Meanwhile, Chinese Foreign Ministry spokeswoman Hua Chunying said on Friday that Soros’ recent remark suggesting that Chinese President Xi Jinping is one of the strongest opponents of the concept of open societies does not even deserve to be refuted.
Radio Sputnik talked about George Soros’ speech at the economic forum with Adriel Kasonta, political consultant and foreign affairs analyst based in London.
‘BBC actions are just continuation of McCarthyist witch-hunt against Russia’ - expert
A BBC stringer has admitted that the broadcaster is searching for proof of Russia’s alleged role in the “Yellow Vests” protests in Paris, demanding that its journalists seek any leads that would point to Moscow.
Radio Sputnik discussed the BBC’s attempts to find ‘Russian trace’ in the French protests with Adriel Kasonta, a foreign affairs analyst based in London.
‘Hillary Clinton and people like her are detached from the reality’ - expert
Europe must curb immigration to combat an increasing threat from right-wing populists.
This is what former Democratic presidential candidate Hillary Clinton said in an interview with the Guardian.
Radio Sputnik discussed the comments with Adriel Kasonta, a foreign affairs analyst based in London.
‘How can you accuse a country as big as Russia without having clear evidence?’ - expert
The Council of the European Union has adopted a new sanctions regime to counter the use of chemical weapons.
Radio Sputnik discussed the move with Adriel Kasonta, foreign affairs analyst based in London.
Adriel Kasonta: Has Brexit Become a US Foreign Policy Tool Against the EU and Russia?
Political analyst and consultant Adriel Kasonta discusses potential Brexit scenarios and how it has been weaponized by the United States against the EU and Russia.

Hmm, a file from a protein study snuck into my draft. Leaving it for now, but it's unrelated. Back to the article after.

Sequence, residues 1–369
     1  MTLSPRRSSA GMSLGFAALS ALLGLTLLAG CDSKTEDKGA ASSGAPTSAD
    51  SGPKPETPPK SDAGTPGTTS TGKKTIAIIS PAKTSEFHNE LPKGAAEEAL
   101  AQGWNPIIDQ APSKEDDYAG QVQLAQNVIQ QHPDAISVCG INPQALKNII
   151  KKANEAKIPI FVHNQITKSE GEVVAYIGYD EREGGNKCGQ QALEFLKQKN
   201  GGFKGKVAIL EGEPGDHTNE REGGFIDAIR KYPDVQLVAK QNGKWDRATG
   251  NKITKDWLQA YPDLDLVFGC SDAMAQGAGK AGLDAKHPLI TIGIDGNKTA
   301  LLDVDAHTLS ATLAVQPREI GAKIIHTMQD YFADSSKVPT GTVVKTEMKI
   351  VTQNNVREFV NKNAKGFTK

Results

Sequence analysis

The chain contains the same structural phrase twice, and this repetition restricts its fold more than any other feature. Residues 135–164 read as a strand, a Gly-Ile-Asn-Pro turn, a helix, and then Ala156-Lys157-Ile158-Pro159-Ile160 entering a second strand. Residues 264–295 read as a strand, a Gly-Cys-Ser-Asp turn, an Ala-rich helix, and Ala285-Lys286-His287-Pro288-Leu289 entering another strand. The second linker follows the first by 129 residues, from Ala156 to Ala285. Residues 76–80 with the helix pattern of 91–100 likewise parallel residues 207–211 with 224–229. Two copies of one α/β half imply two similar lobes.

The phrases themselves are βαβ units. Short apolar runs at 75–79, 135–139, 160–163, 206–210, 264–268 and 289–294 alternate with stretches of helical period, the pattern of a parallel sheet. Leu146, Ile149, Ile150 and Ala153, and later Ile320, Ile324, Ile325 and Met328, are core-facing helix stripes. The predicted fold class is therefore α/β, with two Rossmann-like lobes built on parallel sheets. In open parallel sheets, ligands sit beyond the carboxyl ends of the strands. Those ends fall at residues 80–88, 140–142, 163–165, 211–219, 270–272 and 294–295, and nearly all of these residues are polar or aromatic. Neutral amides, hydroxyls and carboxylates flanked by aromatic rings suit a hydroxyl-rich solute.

‘United States is no longer the biggest boy on the playground’ - expert
China has urges the United States to immediately lift the new sanctions against Beijing over military cooperation with Russia.
The Chinese Foreign Ministry spokesman told a briefing that Washington will have to bear the consequences, if the sanctions are not cancelled.
Radio Sputnik discussed the latest US sanctions against China with Adriel Kasonta, political consultant and analyst.
The Three Seas Initiative: Has Poland’s Moment Finally Arrived?
The third summit of the Three Seas Initiative will take place in Bucharest next week, and although this regional framework is still in its fledgling stages, the geopolitical ambition behind the Warsaw-led structure makes one wonder whether Poland’s moment has finally arrived.
Andrew Korybko is joined by Adriel Kasonta, foreign affairs analyst based in London and Adrian Lonescu, romanian political commentator.
Trump Trade Tariffs: Bye-Bye to Big Trade Blocks
Trump’s imposition of his promised steel and aluminium tariffs has sparked outrage from America’s economic allies, endangering the prospective Transatlantic Trade and Investment Partnership (TTIP) and potentially spelling the end of NAFTA.
Adriel Kasonta, a foreign affairs analyst based in London and Joaquin Flores, editor in chief of Fort Russ News and director of the Center for Syncretic Studies, commented on the issue.